Proposed McCloud amendments could cost LGPS employers £2.5bn

Proposed amendments to the Local Government Pension Scheme (LGPS) in England and Wales are estimated to cost LGPS employers £2.5bn in the coming decades, according to a report from the Ministry of Housing, Communities & Local Government (MHCLG).

The report, which launches a consultation into amendments of the rules governing ‘transitional protection’ in the LGPS, said this cost estimate was based on an annual future long-term pay growth assumption of CPI +2.2 per cent, an assumption used for the 2016 valuations of public service pension schemes.

The key change listed in the consultation document is removing the condition that required a member to have been within ten years of their normal pension age on 1st April 2012 to be eligible for underpin protection.

The members most likely to benefit from this are active members between the ages of 41 and 55 as at 31st March 2019, according to the MHCLG.

Members who joined the LGPS after 31 March 2012 were not considered to need to be provided with underpin protection as they would have joined the LGPS when either it had already transitioned to the career average structure on 1 April 2014, or when it was well publicised that the LGPS benefits were reforming.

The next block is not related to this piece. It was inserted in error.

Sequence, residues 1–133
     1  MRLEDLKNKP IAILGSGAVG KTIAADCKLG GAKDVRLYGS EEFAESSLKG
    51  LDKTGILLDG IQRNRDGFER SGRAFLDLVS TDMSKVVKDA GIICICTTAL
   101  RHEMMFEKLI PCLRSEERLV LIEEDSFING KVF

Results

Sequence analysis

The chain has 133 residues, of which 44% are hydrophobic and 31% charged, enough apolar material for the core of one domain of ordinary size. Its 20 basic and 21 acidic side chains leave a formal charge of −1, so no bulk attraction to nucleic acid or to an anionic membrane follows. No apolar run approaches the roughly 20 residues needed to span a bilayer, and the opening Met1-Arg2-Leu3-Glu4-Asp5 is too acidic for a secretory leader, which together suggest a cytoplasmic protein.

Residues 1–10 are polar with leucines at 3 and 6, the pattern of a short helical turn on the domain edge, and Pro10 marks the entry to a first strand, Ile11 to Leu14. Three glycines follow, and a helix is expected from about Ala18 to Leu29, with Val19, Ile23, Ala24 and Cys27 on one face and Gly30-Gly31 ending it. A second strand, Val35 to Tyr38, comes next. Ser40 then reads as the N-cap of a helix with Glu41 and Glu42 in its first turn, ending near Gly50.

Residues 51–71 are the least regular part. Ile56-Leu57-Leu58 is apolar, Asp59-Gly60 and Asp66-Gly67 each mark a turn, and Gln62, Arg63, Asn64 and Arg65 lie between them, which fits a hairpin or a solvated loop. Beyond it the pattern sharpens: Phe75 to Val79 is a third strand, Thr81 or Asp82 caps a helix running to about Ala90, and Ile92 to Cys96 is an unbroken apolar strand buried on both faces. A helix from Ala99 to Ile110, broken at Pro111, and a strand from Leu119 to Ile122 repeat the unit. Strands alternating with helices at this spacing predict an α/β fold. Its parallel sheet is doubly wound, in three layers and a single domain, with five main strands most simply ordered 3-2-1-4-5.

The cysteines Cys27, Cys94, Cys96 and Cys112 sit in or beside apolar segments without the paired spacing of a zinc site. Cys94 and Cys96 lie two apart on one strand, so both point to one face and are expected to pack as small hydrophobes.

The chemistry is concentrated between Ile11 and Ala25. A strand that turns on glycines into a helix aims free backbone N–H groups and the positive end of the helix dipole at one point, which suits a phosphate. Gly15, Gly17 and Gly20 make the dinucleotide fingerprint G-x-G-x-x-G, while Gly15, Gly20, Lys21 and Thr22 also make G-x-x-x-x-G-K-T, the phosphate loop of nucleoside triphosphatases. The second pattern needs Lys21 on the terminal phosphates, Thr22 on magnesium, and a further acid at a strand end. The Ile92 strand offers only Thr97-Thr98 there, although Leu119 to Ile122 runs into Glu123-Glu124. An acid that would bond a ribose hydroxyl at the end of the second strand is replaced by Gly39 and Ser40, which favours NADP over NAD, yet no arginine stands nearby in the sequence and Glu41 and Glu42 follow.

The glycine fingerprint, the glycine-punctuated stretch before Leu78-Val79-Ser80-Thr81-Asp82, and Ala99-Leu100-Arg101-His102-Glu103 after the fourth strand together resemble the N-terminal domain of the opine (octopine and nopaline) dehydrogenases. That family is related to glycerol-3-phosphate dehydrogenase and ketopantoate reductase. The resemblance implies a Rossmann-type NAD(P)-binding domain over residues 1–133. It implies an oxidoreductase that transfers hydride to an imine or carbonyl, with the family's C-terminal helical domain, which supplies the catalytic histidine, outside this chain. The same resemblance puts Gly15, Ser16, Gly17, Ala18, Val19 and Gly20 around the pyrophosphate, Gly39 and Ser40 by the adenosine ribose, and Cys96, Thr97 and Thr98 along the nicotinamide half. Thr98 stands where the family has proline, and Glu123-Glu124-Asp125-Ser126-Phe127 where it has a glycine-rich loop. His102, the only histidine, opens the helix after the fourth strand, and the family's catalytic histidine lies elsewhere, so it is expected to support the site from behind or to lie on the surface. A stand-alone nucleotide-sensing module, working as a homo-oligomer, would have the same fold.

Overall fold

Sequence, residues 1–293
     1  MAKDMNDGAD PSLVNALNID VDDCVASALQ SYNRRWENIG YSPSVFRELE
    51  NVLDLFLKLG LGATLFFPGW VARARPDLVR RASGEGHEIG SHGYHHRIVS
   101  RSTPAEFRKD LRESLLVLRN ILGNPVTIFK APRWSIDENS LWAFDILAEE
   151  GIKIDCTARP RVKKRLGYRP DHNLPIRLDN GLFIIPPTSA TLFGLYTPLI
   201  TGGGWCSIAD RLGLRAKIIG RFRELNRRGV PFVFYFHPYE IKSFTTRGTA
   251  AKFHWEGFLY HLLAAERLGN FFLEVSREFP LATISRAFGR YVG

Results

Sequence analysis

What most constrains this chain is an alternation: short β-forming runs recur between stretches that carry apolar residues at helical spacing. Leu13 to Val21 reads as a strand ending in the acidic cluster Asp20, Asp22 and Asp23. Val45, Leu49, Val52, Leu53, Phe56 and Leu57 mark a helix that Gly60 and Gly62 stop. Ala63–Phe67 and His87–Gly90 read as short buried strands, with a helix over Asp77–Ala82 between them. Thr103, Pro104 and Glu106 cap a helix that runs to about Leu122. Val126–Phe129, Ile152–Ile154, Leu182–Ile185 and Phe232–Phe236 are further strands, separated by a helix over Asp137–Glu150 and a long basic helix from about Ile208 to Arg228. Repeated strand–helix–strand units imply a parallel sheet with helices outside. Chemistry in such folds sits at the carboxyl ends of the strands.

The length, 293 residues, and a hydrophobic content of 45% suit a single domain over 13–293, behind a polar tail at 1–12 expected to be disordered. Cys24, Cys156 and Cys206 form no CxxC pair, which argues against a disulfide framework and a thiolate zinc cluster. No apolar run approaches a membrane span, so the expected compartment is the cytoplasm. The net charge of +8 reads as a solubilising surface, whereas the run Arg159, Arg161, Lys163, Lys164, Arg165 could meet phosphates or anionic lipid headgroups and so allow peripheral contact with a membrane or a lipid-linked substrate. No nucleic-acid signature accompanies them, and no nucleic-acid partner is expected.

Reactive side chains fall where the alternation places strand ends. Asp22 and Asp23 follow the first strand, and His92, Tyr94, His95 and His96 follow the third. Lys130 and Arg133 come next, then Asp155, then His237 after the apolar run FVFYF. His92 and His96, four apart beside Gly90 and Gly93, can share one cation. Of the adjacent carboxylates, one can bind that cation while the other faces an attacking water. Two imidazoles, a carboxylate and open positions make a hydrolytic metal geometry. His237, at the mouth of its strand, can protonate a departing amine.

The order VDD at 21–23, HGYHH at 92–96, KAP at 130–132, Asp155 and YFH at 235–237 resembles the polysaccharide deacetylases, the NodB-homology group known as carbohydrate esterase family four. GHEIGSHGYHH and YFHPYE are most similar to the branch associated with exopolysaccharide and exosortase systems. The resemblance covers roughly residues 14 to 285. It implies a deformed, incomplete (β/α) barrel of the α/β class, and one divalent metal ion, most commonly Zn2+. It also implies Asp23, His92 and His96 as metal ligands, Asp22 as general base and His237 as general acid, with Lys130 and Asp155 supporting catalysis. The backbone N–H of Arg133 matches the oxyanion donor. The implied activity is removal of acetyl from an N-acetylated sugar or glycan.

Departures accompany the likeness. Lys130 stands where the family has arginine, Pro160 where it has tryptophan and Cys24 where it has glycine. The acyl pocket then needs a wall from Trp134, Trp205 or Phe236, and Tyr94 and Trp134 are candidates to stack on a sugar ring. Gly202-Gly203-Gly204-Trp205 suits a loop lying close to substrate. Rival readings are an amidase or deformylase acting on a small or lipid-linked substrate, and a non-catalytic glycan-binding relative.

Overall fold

From April 2022, the MHCLG has proposed that the period of underpin protection will cease and all active LGPS members will accrue benefits in the career average scheme, without a continuing final salary underpin.

The consultation follows the McCloud judgment, which ruled that allowing older members of public service pension schemes to remain in final salary pension schemes but moving younger members to new career average schemes changes to public service pension schemes, were unlawful due to age discrimination.

The consultation will last for 12 weeks, ending on 8 October.

Aon senior consultant, Virginia Burke, said: "We expected the changes in the MHCLG’s consultation to be testing and that has proved to be the case. The changes present a significant challenge to administering authorities and to employers, not least of which will be a major data collection exercise to enable the final salary underpin to be calculated.”

Burke commented that administering authorities would "need to critically study the draft regulations in detail and highlight areas where changes may be needed in their response to the consultation” adding that it would be “a mistake to think that this can all be solved by changes to the administration software and it's vital that funds understand the resource implications for their fund”.

She concluded: “As well as changes to ongoing administrative systems, processes and communications, the recalculation of leavers' benefits represents an enormous task, covering retirements, deferred leavers, deaths, transfers, trivial commutations and other leavers.

“It is therefore vital that administering authorities plan how they will deliver all aspects of McCloud and start to engage with employers to obtain data going back to 2014.”

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